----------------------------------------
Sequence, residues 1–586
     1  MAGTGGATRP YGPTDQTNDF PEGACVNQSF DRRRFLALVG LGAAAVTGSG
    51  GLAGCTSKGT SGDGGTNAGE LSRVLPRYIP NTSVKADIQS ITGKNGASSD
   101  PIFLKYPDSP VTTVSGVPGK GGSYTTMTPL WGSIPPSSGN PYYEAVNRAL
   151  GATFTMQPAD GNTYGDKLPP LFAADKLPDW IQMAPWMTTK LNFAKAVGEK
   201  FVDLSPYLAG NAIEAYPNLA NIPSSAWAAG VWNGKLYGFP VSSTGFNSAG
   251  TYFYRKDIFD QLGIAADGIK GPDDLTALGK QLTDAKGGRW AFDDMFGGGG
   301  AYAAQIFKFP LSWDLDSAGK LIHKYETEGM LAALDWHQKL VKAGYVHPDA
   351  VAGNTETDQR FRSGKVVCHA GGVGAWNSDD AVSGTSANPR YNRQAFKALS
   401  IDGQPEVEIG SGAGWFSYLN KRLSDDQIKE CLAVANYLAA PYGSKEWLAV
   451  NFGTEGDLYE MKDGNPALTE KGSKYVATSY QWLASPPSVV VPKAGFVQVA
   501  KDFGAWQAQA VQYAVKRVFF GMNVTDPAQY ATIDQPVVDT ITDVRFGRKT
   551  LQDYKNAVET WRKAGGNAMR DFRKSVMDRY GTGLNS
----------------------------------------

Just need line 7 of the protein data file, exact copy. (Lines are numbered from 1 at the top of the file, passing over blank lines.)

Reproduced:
   251  TYFYRKDIFD QLGIAADGIK GPDDLTALGK QLTDAKGGRW AFDDMFGGGG